• ONGC, Cairn India demand lowering of cess on crude

    Ahead of the Budget, state-owned oil producer ONGC and private sector Cairn India have asked the government to cut cess on crude oil saying the switchover from fixed to ad valorem rates had turned things from bad to worse.

    The producers want the government to cut the cess to 8 per cent of the price they realise on sale of domestically produced crude oil.

    In the previous Budget, Finance Minister Arun Jaitley had converted Rs 4,500 per tonne fixed cess on crude oil to 20 per cent ad valorem.

    “The 20 per cent cess rate provided benefit for a temporary period only up to moderate crude prices,” their association PetroFed last month wrote to Revenue Secretary Hasmukh Adhia.

    With the oil cartel OPEC deciding the cut production, global oil rates have started moving up.

    “As a result the domestic producers of crude oil are again feeling the pinch with 20 per cent ad valorem cess and are in fact in a much worse off than before,” PetroFed wrote.

    It said there was an urgent need to reconsider the issue and provide the much needed relief to the domestic oil producers.

    “On behalf of industry, we would once again like to submit for an expeditious correction in the levy of cess on domestic crude oil production from 20 per cent to 8 per cent of the realised price of crude oil,” it said.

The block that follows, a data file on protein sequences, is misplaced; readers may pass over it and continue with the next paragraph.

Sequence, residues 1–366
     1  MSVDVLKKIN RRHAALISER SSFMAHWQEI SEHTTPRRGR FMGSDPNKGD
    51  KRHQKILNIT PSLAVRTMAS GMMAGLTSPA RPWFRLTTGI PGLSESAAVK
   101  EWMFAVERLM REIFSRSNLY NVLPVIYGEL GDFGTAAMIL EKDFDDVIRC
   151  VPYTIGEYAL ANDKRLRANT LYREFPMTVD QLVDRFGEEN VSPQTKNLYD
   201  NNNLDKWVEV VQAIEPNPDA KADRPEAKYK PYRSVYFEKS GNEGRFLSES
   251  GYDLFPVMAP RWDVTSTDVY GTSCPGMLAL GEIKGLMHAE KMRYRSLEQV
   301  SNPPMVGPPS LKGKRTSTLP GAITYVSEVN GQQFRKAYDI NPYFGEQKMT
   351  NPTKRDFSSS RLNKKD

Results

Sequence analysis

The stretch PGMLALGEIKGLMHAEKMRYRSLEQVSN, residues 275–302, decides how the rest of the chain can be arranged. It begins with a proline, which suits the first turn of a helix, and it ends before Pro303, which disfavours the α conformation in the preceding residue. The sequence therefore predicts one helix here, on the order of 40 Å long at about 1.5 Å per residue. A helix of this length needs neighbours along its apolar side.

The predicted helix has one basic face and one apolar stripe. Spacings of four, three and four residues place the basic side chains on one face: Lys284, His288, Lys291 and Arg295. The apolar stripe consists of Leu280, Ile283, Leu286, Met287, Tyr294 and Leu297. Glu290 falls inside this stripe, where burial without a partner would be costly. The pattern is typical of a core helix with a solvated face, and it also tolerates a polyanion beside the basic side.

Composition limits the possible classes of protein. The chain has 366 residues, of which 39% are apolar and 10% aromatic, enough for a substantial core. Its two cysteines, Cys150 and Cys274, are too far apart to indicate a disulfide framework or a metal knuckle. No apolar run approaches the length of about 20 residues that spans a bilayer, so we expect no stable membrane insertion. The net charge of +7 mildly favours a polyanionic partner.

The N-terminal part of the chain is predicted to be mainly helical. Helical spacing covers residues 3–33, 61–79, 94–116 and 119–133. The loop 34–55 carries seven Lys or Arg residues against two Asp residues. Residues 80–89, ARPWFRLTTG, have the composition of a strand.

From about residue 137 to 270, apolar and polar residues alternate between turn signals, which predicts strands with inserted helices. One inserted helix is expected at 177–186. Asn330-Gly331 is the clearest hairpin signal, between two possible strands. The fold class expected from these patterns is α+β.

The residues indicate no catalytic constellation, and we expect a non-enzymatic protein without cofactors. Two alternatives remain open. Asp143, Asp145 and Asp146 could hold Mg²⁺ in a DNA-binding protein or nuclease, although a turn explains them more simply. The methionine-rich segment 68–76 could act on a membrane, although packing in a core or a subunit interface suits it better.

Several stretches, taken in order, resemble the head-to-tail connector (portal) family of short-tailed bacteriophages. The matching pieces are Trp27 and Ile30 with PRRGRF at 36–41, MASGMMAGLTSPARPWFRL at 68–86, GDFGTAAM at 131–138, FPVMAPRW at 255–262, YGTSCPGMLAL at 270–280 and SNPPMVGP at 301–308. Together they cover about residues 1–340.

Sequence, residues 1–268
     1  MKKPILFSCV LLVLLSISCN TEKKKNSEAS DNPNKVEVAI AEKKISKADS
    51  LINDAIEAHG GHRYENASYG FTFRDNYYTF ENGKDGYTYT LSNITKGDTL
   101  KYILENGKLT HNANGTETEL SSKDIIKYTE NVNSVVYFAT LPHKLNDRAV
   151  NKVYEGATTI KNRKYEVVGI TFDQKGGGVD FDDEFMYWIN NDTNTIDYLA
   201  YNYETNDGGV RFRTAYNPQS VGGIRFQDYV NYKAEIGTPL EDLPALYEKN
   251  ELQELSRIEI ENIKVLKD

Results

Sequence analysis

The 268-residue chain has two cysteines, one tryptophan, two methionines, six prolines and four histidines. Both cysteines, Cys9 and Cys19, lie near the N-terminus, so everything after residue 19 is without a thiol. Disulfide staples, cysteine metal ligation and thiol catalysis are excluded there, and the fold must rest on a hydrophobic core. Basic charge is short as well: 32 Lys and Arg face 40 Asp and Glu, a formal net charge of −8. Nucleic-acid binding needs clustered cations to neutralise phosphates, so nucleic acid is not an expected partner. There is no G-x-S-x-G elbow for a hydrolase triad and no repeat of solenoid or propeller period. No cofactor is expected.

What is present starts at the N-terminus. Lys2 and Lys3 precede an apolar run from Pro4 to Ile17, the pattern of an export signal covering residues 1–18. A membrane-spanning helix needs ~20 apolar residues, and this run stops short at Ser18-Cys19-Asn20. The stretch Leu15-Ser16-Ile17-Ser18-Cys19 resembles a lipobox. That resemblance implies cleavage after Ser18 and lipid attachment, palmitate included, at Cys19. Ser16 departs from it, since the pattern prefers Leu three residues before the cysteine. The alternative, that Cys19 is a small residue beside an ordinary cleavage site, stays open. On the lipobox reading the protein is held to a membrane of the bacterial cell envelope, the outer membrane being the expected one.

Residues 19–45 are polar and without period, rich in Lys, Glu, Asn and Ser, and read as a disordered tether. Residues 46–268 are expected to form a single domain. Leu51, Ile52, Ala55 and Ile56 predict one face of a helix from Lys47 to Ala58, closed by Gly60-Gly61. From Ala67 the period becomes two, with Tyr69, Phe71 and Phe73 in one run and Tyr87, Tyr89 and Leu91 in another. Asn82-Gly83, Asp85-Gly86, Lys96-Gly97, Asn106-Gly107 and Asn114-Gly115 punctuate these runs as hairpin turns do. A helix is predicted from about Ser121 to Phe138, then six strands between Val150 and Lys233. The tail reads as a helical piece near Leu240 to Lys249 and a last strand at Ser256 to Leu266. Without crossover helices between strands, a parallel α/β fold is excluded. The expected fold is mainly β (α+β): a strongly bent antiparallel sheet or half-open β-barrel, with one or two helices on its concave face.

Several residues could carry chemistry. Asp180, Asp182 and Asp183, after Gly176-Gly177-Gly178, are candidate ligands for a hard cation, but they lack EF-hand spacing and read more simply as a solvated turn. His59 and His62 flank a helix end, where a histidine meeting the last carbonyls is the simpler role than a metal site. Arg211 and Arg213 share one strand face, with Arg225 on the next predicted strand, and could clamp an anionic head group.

PetroFed said reducing the cess rate would help to expeditiously increase oil production, meeting vision of ‘Make-in-India’ and enhance energy security.

    The Oil Industry (Development) Act, 1974 provides for collection of cess as a duty of excise on indigenous crude oil. Cess incurred by producers is not recoverable from refineries and thus forms part of cost of production of crude oil.

    The cess was levied at Rs 60 per tonne in July 1974 and subsequently revised from time to time.

    During 2005-06, when crude oil prices had increased from an average of USD 40 per barrel to USD 60 per barrel, OID Cess was increased from Rs 1,800 to Rs 2,500 per tonne from March 1, 2006.

    Again, when the crude oil prices increased to over USD 100 per barrel, the rate of cess was increased by the government to Rs 4,500 per tonne (USD 10 per barrel) with effect from March 17, 2012, PetroFed wrote.

    It said the government had effectively linked the cess rate to prevailing crude oil prices in the past.

    Most of crude oil produced in India comes from pre-NELP and nomination blocks and is liable for payment of cess.

    While New Exploration Licensing Policy (NELP) blocks like Reliance Industries’ KG-D6 area are exempt from payment of cess, pre-NELP discovered blocks like Panna/Mukta and Tapti and Ravva pay a fixed rate of cess of Rs 900 per tonne. Dominik Hasek Jersey

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